However, zero trust architecture solves this problem by ensuring its proxy architecture verifies the safety of every piece of data before they arrive at its destination. Thus eliminating occurrences of malware, DDoS attacks, ransomware, and highly targeted malicious threats.

2. Use granular context-based strategies to protect data

Zero trust verifies every request per device, location, application, content, and user identity. Policies are regularly changed to improve access controls and provide improved protection per changes in risk level.

3. Reducing attack surface

An effective zero-trust strategy streamlines the direction of users to the needed resources and not the entire network.

Direct app-to-app and user-to-app connections prevent infected devices from compromising other resources. Also, devices are hidden from the internet, thereby preventing censorship and attacks.

Use cases for zero trust architecture

The following use cases help you better understand zero trust architecture, and how it may fit into your current IT landscape.

1. Enterprise satellites

Organizations have remote workforce and offices that need to connect to a central server. In a trustless architecture, a company may create an external portal for third parties in need of specific resources. Thereby preventing access to the central server.

2. Consumer-centric interfaces

Many companies offer consumer-centric services that request users to provide specific information. Such interfaces are access points for cyber attacks, thus, creating a need for enhanced security.

Zero trust provides the ability for organizations to segregate consumer interfaces from the enterprise’s internal network by creating separate access points, and sub-servers where customers can get needed resources.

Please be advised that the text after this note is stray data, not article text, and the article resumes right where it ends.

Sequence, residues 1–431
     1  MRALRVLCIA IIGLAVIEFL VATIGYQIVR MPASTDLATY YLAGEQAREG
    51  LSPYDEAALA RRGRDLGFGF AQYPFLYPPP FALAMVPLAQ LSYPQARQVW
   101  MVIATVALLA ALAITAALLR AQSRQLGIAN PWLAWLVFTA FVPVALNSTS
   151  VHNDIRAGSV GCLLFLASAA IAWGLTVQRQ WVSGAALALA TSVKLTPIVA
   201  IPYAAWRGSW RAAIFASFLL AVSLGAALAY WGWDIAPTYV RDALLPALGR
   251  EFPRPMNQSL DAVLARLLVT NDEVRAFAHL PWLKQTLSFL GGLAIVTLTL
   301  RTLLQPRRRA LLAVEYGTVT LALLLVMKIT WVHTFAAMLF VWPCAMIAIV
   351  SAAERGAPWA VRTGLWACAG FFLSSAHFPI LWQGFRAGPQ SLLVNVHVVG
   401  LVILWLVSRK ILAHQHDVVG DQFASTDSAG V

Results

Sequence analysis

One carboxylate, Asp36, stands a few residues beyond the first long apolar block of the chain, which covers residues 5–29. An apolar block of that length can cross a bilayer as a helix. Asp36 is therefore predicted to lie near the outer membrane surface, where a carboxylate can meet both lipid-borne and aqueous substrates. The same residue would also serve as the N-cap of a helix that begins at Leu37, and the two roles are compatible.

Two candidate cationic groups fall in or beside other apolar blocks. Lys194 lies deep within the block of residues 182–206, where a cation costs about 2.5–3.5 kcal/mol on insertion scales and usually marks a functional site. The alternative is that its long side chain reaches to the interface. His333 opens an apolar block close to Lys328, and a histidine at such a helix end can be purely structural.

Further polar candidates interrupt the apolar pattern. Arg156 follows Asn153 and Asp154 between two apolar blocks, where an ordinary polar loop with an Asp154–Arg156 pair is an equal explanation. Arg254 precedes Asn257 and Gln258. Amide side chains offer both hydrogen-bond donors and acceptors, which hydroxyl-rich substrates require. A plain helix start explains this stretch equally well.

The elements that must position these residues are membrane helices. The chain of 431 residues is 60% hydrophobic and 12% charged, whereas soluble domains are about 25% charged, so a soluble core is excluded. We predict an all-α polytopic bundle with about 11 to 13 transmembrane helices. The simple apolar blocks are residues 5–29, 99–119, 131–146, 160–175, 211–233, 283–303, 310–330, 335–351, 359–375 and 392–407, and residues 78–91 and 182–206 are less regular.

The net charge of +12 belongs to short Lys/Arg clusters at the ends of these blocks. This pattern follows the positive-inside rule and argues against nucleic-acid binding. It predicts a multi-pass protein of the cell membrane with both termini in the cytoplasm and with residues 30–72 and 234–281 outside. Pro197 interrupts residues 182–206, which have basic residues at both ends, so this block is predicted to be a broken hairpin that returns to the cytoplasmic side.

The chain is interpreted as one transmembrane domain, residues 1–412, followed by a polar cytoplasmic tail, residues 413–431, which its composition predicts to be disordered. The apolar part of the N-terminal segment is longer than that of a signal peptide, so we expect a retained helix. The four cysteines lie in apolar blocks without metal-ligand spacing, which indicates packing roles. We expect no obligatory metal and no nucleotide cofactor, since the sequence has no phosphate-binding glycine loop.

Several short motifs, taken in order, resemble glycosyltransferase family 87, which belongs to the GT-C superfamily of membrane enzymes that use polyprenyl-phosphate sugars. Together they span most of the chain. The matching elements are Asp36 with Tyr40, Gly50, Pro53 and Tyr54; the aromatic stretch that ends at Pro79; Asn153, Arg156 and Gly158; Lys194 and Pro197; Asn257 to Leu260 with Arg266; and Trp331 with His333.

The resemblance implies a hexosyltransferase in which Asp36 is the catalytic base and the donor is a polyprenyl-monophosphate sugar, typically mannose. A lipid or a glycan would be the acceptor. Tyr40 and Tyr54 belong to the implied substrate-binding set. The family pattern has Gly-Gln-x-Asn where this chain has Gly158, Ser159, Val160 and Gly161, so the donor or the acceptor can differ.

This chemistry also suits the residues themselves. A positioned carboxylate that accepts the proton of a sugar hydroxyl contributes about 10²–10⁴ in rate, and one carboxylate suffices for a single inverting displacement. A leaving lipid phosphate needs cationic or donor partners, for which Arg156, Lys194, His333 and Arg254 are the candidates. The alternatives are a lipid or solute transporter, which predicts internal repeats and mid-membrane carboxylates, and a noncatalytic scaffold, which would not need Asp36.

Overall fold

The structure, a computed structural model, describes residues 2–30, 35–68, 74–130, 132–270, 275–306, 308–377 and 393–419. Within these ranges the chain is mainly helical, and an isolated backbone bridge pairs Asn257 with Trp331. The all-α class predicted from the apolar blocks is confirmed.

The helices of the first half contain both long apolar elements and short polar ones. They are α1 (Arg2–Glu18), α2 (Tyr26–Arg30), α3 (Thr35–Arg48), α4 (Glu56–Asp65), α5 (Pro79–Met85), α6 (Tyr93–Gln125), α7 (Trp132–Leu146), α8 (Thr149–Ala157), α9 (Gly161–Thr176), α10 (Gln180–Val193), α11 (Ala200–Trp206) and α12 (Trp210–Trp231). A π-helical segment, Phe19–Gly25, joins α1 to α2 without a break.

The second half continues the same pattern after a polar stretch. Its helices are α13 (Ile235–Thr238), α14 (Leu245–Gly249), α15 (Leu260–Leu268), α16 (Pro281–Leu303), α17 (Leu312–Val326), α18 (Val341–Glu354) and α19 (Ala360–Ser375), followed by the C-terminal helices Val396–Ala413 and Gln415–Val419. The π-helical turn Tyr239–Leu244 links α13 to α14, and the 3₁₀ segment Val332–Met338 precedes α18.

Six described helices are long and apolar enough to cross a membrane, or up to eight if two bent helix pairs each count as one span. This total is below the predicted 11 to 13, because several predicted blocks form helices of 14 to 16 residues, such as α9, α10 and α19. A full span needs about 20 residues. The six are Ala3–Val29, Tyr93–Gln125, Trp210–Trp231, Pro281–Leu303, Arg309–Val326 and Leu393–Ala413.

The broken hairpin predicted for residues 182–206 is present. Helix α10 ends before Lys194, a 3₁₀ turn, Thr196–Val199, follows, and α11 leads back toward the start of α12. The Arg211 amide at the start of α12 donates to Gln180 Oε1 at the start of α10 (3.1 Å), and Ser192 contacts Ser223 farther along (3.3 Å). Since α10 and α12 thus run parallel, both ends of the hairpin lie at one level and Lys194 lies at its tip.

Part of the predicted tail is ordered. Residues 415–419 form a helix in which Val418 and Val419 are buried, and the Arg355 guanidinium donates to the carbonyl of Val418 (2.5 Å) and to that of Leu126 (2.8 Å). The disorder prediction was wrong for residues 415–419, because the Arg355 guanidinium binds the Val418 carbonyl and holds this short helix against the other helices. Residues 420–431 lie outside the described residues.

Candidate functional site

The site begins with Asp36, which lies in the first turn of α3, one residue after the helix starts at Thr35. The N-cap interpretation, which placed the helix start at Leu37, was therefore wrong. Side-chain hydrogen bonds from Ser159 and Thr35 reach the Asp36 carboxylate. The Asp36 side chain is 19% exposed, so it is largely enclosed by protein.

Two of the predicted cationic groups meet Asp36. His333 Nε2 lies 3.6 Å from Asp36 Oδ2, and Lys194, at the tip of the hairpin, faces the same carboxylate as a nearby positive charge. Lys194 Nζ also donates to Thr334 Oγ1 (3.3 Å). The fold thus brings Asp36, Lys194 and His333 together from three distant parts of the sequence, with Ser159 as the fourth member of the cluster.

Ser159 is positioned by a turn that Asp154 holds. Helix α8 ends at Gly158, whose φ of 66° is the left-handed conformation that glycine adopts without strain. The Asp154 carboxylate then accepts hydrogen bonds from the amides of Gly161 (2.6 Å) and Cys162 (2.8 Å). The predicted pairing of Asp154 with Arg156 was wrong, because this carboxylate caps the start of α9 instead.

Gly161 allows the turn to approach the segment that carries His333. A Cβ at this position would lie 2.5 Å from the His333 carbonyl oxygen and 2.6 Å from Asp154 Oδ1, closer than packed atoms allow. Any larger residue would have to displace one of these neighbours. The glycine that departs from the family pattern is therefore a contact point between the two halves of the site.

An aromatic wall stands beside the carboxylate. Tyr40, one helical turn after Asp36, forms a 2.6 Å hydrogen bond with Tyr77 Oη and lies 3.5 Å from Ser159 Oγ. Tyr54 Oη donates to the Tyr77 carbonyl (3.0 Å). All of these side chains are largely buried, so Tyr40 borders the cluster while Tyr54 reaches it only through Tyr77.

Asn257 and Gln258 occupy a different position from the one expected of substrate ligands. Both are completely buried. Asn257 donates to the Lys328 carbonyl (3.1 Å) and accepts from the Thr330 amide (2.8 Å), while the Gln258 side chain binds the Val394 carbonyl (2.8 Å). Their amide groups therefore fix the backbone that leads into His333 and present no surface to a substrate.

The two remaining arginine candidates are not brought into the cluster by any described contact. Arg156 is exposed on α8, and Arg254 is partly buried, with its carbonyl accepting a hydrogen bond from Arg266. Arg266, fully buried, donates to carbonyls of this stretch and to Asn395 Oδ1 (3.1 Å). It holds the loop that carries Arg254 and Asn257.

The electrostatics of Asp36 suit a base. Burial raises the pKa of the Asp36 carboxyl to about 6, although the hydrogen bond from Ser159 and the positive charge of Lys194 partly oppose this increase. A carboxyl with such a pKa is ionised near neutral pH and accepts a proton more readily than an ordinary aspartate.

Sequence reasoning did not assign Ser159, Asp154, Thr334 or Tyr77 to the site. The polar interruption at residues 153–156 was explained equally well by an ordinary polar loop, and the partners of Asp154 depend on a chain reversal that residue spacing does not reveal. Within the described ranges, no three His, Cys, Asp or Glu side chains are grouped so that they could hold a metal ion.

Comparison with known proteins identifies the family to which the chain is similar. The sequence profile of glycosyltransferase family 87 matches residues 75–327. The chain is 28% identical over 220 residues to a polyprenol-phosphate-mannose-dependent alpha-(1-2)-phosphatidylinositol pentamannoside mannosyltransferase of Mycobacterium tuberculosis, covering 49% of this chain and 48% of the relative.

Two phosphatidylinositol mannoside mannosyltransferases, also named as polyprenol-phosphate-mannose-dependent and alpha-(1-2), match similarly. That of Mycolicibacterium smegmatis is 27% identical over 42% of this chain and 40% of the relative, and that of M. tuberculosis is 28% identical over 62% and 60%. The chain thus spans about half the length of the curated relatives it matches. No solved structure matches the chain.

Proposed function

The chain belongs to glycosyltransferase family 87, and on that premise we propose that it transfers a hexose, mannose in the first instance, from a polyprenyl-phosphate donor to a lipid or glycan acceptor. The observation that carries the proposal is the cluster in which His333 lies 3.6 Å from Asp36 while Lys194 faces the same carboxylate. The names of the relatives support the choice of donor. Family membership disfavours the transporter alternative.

3. Secure non-employee, third-party access

Zero trust is commonly used in mitigating risks associated with third-party entities accessing data within the organization’s network. One way zero trust does this is by creating a portal for non-employees, thereby protecting their internal network from external access.

4. Multi-cloud security architecture management

Some organizations use multiple cloud hosting providers. The zero trust strategy provides a unified security model for safeguarding both Platform-as-a-Service (PaaS) and Infrastructure-as-a-Service (Iaas) by making users access the server through an installed agency or portal.

5. Interconnected boundaries

Most companies use different databases for each of their subsidiaries. Creating a need for multiple accounts to access more than one database, which can be overwhelming. Zero trust ensures that users only access specific information in both databases, thereby streamlining their exposure level

6. Support compliance initiatives

Zero trust protects workload connections and users from exposure to the internet. Such invisibility provides a means for businesses to demonstrate compliance with regulatory laws and industry standards like PCI DSS.

Adopting a micro-segmentation approach within your zero trust architecture allows you to segregate non-regulated data from the regulated ones, thereby limiting access to sensitive information.

In the advent of a data breach, or during IT audits. Micro-segmentation provides you with “eagle eye” visibility and control.